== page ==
Top 5 Tips for Conducting Assessments Online

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Online learning is reshaping the VET sector! 🖥️

While offering your courses online or in a blended mode offers many advantages for your RTO and your students, it also brings compliance challenges. As the demand for online delivery skyrockets, how do we ensure practical assessments meet the Standards? From video role-plays to workplace observations, let’s take a look at our top 5 tips for conducting assessments online.

1. Leverage Technology

It’s easy to design assessments the old way without thinking too much about all the new tools and technology that can support modern assessment practices. Utilise the hundreds of systems and platforms that are available for managing online learning. This includes tools for real-time monitoring and assessment such as Zoom or MS Teams. They can be used for role-plays, practical demonstrations, and workplace observations. A correctly set up learning management system can also support by storing video evidence and help you with managing appointments with students to view their live assessments such as in a role play or workplace observation.

2. Clear Guidelines

  • Provide students and assessors with clear guidelines on how assessments will be conducted online. This includes instructions for role-plays, requirements for video submissions, and protocols for online observations. Your guidelines should include things like:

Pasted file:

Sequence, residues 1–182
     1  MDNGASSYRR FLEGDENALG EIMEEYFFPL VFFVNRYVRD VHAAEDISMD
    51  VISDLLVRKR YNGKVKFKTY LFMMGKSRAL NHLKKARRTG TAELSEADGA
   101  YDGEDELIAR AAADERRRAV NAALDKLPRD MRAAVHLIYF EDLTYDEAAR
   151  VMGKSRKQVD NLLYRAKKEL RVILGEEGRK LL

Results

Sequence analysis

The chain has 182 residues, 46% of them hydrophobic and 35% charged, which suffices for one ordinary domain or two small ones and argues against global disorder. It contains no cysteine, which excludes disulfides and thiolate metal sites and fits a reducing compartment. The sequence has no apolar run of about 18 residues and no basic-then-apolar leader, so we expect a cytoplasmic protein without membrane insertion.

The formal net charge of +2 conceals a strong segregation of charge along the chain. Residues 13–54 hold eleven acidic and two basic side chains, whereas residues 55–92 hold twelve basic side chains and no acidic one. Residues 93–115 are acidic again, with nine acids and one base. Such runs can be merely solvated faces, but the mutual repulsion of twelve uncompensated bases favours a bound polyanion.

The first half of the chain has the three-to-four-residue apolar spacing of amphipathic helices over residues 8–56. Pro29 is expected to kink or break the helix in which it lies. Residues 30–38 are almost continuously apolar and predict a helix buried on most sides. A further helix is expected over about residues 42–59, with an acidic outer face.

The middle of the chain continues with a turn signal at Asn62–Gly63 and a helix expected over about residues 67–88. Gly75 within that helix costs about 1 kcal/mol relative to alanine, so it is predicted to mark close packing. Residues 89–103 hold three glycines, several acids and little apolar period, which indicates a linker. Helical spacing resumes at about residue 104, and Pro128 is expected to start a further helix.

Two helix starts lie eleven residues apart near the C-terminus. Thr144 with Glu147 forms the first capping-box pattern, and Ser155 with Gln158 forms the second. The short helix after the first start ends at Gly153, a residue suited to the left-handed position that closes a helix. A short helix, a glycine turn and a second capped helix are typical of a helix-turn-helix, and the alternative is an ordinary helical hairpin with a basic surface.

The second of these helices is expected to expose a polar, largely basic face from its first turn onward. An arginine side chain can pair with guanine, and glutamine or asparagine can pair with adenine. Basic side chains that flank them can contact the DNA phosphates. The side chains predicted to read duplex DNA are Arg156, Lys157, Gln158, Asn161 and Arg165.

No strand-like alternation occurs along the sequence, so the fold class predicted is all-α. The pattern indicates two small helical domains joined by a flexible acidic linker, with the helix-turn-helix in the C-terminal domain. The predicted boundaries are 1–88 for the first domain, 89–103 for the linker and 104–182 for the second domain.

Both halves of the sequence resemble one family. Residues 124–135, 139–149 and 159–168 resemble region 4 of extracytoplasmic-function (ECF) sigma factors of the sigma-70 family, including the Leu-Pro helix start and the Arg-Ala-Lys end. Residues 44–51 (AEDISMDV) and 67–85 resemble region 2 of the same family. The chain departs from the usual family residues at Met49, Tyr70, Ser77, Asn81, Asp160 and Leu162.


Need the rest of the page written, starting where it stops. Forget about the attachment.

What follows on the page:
What needs to be seen and heard in the video (e.g. is it OK for the student to be taking a selfie or do they need to make sure someone else is videoing at least 3 metres back from them so you can see the environment)
  • What conditions must the video be created in – if it’s a Workplace video, is after hours OK, or does it need to be during work hours, while dealing with customers etc..
  • What permission must be granted for others to appear in videos?

3. Confidentiality & Consent

Especially in sectors like early childhood education, community services, or dealing with clients, ensure your instructions make provisions for gaining necessary consent before any filming in a workplace. Take time to get to know the practicality and confidentiality requirements of each industry. Remember that students will need consent from everyone who appears in the video.

4. Diverse Assessment Methods

Don’t rely solely on one method. Use a combination of video conferencing, self-recorded videos, supervisor reports, and other tools to gather a comprehensive view of a student’s skills and knowledge. Remember that supervisor reports can only be used as supplementary evidence and are often not enough to confirm workplace skills, but may be able to support other forms of primary evidence.

5. Training & Support

Offer training sessions for both trainers and students on how to use online tools effectively. Ensure that there’s technical support available for any issues that might arise.


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